[32]. Garboczi, J., Cement and Concrete Research, 20 (4) (1990) 590-601.TITLE

[33]. Crank J., ―Mathematics of diffusion‖, Oxford: Clarendon Press, 1956.

[34]. Newman, A.B. 1970. American Institute of Chemical Engineers, Vol. 27

pages.

[35]. Bertolini, L., Elsener, B., Pedeferri, P., and Polder, R., WILEY-VCH Verlag

GmbH and Co. kGaA, Weinheim (2004).

19

TABLES

strength modulus strain (%) diameter stability,

(MPa) (GPa) (max-min) (m) (relative)

Asbestos 600-3600 69-150 0.3-0.1 0.02-30 excellent

Carbon 590-4800 28-520 2-1 7-18 excellent

Aramid 2700 62-130 4-3 11-12 good

Polypropylene 200-700 0.5-9.8 15-10 10-150 excellent

Polyamide 700-1000 3.9-6.0 15-10 10-50 -

Polyester 800-1300 up to 15 20-8 10-50 -

Rayon 450-1100 up to 11 15-7 10-50 fair

Polyvinyl

800-1500 29-40 10-6 14-600 good

Alcohol

Polyacrylonitrile 850-1000 17-18 9 19 good

Polyethylene 400 2-4 400-100 40 excellent

Polyethylene

---------- ---------- ---------- 1-20 excellent

pulp (oriented)

High Density

2585 117 2.2 38 excellent

Polyethylene

Carbon steel 3000 200 2-1 50-85 excellent

Stainless steel 3000 200 2-1 50-85 excellent

AR- Glass 1700 72 2 12-20 good

20

Table 2. Description of Test Methods

Standards ASTM C 1609-08 JSCE SF-4 ASTM C 1399-98

Test

Specimen

Test A beam specimen is quasi-statically loaded at its third-points to A stable narrow crack is first created in the specimen by applying a

Description failure and the resulting load vs. net center point deflection is flexural load in series with a steel plate under controlled conditions.

plotted for further analysis. The plate is then removed, and the specimen is reloaded in flexure to

obtain the post-crack load vs. net displacement curve.

Load, N

Load, N

A

B C D

E Reloading Curve (Pre-cracked Beam)

Typical

Curve F G H P0.5 P0.75 P1.0 P1.25

I J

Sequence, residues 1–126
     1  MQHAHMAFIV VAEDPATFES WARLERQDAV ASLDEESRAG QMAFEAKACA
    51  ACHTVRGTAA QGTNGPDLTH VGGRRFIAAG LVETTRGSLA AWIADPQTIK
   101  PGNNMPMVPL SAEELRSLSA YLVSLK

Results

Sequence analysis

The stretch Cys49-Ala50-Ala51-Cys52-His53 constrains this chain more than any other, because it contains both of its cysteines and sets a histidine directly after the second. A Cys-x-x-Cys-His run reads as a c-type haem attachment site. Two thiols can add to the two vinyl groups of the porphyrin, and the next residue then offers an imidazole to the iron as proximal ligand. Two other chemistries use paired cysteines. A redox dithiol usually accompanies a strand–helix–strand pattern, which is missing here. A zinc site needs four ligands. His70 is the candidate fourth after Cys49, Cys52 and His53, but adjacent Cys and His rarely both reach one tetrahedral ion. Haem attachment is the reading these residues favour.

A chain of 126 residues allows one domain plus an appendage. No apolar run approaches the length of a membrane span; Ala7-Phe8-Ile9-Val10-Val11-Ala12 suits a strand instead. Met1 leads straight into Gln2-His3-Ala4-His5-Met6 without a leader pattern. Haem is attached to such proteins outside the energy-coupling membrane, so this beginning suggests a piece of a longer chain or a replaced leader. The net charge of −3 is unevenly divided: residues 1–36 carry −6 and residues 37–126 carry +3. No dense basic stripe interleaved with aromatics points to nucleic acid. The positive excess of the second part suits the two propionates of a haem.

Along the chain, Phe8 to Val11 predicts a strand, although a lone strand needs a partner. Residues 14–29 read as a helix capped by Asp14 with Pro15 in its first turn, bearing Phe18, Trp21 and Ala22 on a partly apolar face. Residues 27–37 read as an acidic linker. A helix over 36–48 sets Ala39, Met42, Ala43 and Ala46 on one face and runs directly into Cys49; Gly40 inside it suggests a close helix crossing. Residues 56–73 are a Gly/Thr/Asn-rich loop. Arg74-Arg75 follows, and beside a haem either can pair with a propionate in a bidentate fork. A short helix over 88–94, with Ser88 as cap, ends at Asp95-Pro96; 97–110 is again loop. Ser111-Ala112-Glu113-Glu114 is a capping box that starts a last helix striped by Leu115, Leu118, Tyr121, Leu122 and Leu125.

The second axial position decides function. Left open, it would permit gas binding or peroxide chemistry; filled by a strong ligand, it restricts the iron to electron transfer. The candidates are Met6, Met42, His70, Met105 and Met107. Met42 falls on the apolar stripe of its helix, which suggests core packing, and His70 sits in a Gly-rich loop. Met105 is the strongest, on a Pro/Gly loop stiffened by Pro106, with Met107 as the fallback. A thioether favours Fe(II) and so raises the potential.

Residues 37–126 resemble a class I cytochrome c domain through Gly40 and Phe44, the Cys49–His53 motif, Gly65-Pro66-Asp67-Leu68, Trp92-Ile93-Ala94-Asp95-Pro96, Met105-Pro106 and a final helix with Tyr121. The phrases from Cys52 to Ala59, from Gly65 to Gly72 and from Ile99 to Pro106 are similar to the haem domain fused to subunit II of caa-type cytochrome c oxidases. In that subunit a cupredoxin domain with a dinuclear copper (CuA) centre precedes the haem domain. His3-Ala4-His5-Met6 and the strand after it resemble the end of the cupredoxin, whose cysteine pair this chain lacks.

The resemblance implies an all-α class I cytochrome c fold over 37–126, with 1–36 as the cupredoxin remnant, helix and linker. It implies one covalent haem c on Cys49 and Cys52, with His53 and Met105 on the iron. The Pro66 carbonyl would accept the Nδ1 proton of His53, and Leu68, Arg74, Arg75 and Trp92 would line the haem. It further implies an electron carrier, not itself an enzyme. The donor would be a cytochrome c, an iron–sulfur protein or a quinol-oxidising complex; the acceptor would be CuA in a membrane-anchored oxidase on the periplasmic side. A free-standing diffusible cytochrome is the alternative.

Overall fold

oδ 3δ 5.5δ 10.5δ δtb = L/150

Net Deflection, mm

Net Deflection, mm

y for a x mm section

Flexural Toughness Factor (FT)

f150,0.75 (MPa): Residual Tb x L

FT =

strength at P150,0.75 tb x bd 2 Average Residual Strength

Analysis

f150,3.0 (MPa): Residual FT

strength at P150,3.0 Re 2(%) x100 ARS = ((P0.5+P0.75+P1.0+P1.25)/4) x L/bd2

MOR

Toughness 150,3.0 (J): The MOR = Modulus of Rupture

energy to a net deflection of b = Breadth of the Beam

1⁄150 of the span (3.0 mm d = Depth of the Beam

for a 150 mm specimen)

21

Table 3. Computed Values of Chloride Ion Diffusion Coefficient

Fiber Applied Normalized Chloride

Volume Stress water ion

Fraction Level permeability F S diffusion

Vf coefficient coefficient

Knormalizedx10- Dx10-13

10

(m/s) (m2/s)

0.0fu 1.66 1 1 12.24

0.0% 0.3fu 103 1 0.62 9.64

0.5fu 2.30 1 1.38 14.43

0.0fu 0.95 0.57 1 9.27

0.1% 0.3fu 0.53 0.57 0.57 6.85

0.5fu 0.71 0.57 0.76 7.95

0.0fu 0.60 0.36 1 7.37

0.3% 0.3fu 0.32 0.36 0.53 5.40

0.5fu 0.45 0.36 0.75 6.38

0.0fu 0.30 0.18 1 5.21

0.5% 0.3fu 0.10 0.18 0.33 3.02

0.5fu 0.18 0.18 0.62 3.97

22

FIGURES

2.5 F1 F2

F3 F4

2.0 F5 F6

F7

1.5

1.0

0.5

0.0

0.0% 0.1% 0.2% 0.3% 0.4%

Volume Fraction (%)

Increasing Fiber Volume Fraction from Top to Bottom and (Right)

Maximum Crack Width for Various Fibers (F1-F7).

peak

Micro crack Macro crack

Formation Formation

a Macro-Crack (Left) and Crack Bridging by Fibers (Right).

23

Fig. 3. (Left) A CFRC Composite in Tension and (Right) Stress-Strain

Curves Showing Strain-Hardening at High Fiber Volume Fractions.

0.35

0.3

Load (kN)

0.2

0.1

Undeformed

0.05

0

0 5 10 15

Slip (mm)

Curves for Various Deformed Fibers. (Notice fiber fracture in an

excessively deformed fiber.)

24

Fig. 5. Shear-Lag in a Bonded

Fiber with Inelastic Mechanisms

Fracture in FRC.

After Fracture.

Shown in Figure 7

25

90

80 Steel Fiber

Toughness (Nm) Polypropylene

70

Fiber

60

50

40

30

20

10

0

200 500 750 1000

Drop Height (mm)

the increase in brittleness in SFRC at high rates of loading.)

350

300

250 Low Strain-Rate Impact

Load (kN)

200

150 High Strain-Rate Impact

100

Quasi-Static

50

0

0 0.2 0.4 0.6 0.8 1

Deflection (mm)

(Notice brittleness at high strain-rates.)

26

0

0

uncracked

strains

c

section

displacements

f2 f1

2 ƒi = f(w i , i , li )

fi.. f3

wi 3

i

Cracked Section of an SFRC Beam.

45

Experimental Response Analytical Response

40 Peak Load

38 34

(kN)

35 JSCE

Toughness 6.30 7.05

30 Factor (MPa)

load (kN)

25

20

15

10

5 Experimental

Analytical

0

0 0.5 1 1.5 2 2.5 3

deflection (mm)

predicted response is monotonic, but predicts both peak load and

toughness.)

27

Fig. 13. Effect of Crack Width on Permeability [1].

a Potential below –280mV Indicates Corrosion Initiation

and below –400mV Indicates Active Corrosion.

28

-1 0

. 2.5

0.0% Fiber

2 0.1% Fiber

0.3% Fiber

1.5 0.5% Fiber

(m/s)

1

0.5

0

0 0.1 0.2 0.3 0.4 0.5

Stress Level ( f u )

4.5

4

Durability Factor, D

3 0.1% Fiber

2.5 0.3% Fiber

2 0.5% Fiber

1.5

1

0.5

0

0 0.2 0.4 0.6

Stress Level (f u )

fibre reinforcement.)

29